Milton schools dealing with bus transfer snafus
MILTON—Milton Superintendent Tim Schigur says an elementary school student who got on the wrong bus this week was safe the whole time, and the district and its bus provider handled the snafu according to a new communication plan established last year.
Schigur confirmed a student at one of the district's elementary schools got on the wrong bus during a transfer after the first day of school Tuesday at the district's bus transfer hub at Northside Intermediate School.
He said the student, a female, got off her bus at the transfer and then wandered back onto the same bus, which was bound to drop off rural students. The student lives within Milton, and needs to get on a different bus to get home, Schigur said.
At the bus transfer, the 500 students are supposed to have tags on their backpacks showing what buses to ride. The students then line up according to their buses, and school staff chaperones make sure the students get on the correct buses.
In this case, Schigur said, the student had her bus tag in her hand, not on her backpack. She got confused on got on the wrong bus, he said.
The bus driver realized a student was on the wrong bus and radioed the district and the school principal, who in turn called parents. The student continued to ride the bus for the entire route, and the bus driver dropped her off at her elementary school, where her parents were waiting, he said.
“Was it a snafu, sure. But was she missing? No. It was more of an, 'Oops,' and we communicated well and fixed it,” Schigur said.
Schigur said the district and Riteway handled the situation under stepped-up communication protocols developed last year after a male student got lost for over an hour after he transferred onto the wrong bus.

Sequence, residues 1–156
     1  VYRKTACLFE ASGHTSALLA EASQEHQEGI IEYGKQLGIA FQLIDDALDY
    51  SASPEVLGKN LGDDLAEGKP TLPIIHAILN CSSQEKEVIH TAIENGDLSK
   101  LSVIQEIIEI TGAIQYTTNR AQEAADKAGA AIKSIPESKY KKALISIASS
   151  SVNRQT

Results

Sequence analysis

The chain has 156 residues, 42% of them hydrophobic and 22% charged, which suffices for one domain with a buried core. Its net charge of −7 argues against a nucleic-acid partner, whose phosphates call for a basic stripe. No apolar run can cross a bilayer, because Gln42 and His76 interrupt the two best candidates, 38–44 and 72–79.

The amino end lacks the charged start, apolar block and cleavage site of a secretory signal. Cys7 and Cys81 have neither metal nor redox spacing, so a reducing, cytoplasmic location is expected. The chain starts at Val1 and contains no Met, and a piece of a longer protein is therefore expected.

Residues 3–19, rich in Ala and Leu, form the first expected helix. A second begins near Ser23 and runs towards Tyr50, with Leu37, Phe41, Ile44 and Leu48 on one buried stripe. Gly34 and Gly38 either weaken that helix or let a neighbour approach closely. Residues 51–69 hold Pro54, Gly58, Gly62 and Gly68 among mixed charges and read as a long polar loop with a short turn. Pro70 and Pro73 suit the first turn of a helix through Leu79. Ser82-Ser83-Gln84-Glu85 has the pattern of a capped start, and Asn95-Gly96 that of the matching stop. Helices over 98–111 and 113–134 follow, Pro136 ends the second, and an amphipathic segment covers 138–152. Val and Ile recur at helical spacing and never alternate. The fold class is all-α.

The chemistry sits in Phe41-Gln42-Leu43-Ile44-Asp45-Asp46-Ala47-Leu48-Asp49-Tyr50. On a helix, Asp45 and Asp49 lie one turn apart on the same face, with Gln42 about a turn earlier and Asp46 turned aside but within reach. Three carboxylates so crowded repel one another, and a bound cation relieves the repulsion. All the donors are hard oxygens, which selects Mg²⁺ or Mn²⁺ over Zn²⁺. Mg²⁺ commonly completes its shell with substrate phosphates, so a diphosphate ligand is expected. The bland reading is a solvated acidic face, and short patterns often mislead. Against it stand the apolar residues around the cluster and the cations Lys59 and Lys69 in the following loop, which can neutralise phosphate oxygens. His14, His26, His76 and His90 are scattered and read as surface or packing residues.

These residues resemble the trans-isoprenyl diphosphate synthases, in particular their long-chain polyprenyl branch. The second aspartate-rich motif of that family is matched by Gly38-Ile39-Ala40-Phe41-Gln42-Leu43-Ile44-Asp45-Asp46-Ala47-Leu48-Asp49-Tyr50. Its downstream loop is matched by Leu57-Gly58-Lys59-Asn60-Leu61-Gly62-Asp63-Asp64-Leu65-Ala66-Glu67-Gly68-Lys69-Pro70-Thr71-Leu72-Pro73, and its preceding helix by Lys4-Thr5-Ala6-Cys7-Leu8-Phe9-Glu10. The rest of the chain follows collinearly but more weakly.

He said the district now is making sure every student who transfers buses has bus tags clearly visible on their backpacks.
Last fall, parents raised concerns at several school board meetings over long ride times and students getting on the wrong buses during the bus transfer.
Some parents at the time questioned the district's bus transfer model, which runs on two routes and uses a central hub at Milton Intermediate School. Buses circle back to Northside Intermediate from their first route and do a second pickup there.
At the time, parents questioned whether it was appropriate to have young students dropped off and waiting at the Intermediate School to make a bus transfer and asked whether the district could change to a single-route bus run.
The board discussed the option last year, but preliminary district estimates showed having a single route could cost an extra $600,000 to $1 million, which some board members at the time said was prohibitively expensive.
“I wish there was a better way, (than the bus transfer hub)," Schigur said this week. "It's just not very cost-friendly to have the elementary buses looking at having the buses leave the elementary school and go right home.”